Classical Sunday: Weber’s Flute Trio in G Minor

Weber had a significant impact on composers of the Romantic period, particularly in Germany.

Carl Maria von Weber:  Trio for Flute, Cello, and Piano in G minor, Op 63

Emi Ferguson, Flute
Julian Schwarz, Cello
Peter Dugan, Piano

LIVE (8/4/16) from pianoSonoma Festival, Schroeder Hall, Green Music Center at Sonoma State University, California

Carl Maria Friedrich Ernst von Weber (1786 – 1826) was a Romantic German composer, conductor, pianist, guitarist and critic.

weber in 1814
A painting of Carl Maria von Weber (1814) by Thomas Lawrence, (1769 – 1830), leading English portrait painter

Classical Sunday: von Bülow’s Carnevale di Milano

“Always conduct with the score in your head, not your head in the score”.

Hans von Bülow:  Carnevale di Milano.  Op. 21 (1871)

Carnevale di Milano. Ballabili e Intermezzi Op. 21 (1871)
#1. 00:00
#2. 5:44
#3. 12:28
#4. 15:17
#5. 17:18
#6. 18:18
#7. 19:15
#8. 20:18
#9. 21:29
#10. 22:53
#11. 24:50
#12. 29:56
#13. 34:04
#14. 38:45
#15. 40:12

Mark Anderson (Piano)

Hans Guido Freiherr von Bülow (January 8, 1830 – February 12, 1894) was a German conductor, virtuoso pianist, and composer of the Romantic era.  The Carnevale di Milano is one of his compositions.

 

Classical Sunday: Wagner’s Lohengrin

Kick back and relax for three hours and a half:  Here comes Wagner’s Lohengrin, conducted by Christian Thielemann at the Semperoper in Dresden. 

Richard Wagner: Lohengrin – A Romantic Opera in Three Acts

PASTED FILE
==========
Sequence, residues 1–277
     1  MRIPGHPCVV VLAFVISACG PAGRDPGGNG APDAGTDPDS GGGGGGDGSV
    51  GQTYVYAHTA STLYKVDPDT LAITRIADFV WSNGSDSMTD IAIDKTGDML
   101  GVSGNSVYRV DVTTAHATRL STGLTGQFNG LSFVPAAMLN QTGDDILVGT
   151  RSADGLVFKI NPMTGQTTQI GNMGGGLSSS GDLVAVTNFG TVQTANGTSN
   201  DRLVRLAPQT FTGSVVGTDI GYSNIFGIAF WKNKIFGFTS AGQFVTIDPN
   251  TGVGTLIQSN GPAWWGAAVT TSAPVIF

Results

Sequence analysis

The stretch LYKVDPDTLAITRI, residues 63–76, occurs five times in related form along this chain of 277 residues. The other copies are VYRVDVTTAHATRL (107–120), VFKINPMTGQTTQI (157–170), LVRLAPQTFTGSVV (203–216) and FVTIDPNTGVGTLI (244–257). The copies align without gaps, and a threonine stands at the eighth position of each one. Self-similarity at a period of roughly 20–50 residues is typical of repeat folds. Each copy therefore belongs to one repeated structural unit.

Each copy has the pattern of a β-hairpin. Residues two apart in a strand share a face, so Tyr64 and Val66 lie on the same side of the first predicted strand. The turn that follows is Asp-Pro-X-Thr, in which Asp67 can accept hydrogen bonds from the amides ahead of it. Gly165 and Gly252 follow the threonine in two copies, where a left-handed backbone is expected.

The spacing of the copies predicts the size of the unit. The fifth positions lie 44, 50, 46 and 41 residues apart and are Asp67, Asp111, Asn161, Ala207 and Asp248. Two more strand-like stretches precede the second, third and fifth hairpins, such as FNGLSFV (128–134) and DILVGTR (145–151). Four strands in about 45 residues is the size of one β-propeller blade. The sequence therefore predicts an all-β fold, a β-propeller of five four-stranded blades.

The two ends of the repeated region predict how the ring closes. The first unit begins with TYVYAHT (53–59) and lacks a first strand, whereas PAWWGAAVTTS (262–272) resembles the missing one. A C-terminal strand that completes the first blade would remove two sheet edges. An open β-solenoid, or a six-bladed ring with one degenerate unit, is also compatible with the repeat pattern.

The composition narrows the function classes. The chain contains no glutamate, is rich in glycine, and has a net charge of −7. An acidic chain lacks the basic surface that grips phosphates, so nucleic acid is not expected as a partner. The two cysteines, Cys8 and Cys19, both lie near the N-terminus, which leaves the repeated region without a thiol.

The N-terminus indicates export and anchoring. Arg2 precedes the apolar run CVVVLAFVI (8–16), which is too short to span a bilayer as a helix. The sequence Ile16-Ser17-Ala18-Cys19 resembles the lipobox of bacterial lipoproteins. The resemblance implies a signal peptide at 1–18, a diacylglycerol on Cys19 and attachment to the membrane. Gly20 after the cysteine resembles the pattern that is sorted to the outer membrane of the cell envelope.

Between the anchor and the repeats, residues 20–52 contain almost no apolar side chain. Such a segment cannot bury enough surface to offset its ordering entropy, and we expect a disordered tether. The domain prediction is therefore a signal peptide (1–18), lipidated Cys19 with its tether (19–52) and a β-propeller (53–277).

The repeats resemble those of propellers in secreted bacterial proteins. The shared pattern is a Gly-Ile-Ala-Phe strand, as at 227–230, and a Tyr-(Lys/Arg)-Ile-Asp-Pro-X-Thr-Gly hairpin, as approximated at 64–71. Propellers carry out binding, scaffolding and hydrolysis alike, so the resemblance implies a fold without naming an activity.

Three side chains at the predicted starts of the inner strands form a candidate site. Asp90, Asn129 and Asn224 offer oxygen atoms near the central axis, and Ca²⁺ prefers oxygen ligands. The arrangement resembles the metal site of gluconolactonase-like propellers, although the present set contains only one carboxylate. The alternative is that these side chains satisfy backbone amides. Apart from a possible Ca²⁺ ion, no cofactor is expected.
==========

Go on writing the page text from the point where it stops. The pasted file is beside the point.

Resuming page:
Conductor: Christian Thielemann

Heinrich der Vogler (Henry the Fowler): Georg Zeppenfeld
Lohengrin: Piotr Beczala
Elsa von Brabant: Anna Netrebko
Friedrich von Telramund: Tomasz Konieczny
Ortrud, Telramund’s wife: Evelyn Herlitzius
The King’s Herald: Derek Welton

Staatskapelle Dresden

Saechsischer Staatsoperchor Dresden

The story of the Knight of the Swan, or Swan Knight, is a medieval tale about a mysterious rescuer who comes in a swan-drawn boat to defend a damsel, his only condition being that he must never be asked his name.

In the early 13th century, the German poet Wolfram von Eschenbach adapted the Swan Knight motif for his epic Parzival.  Here the story is attached to Loherangrin, the son of the protagonist Parzival and the queen of Pelapeire Condwiramurs.  As in other versions Loherangrin is a knight who arrives in a swan-pulled boat to defend a lady, in this case Elsa of Brabant.  They marry, but he must leave when she breaks the taboo of asking his name.

In 1848, Richard Wagner adapted the tale into his popular opera Lohengrin, probably the work through which the Swan Knight story is best known today.

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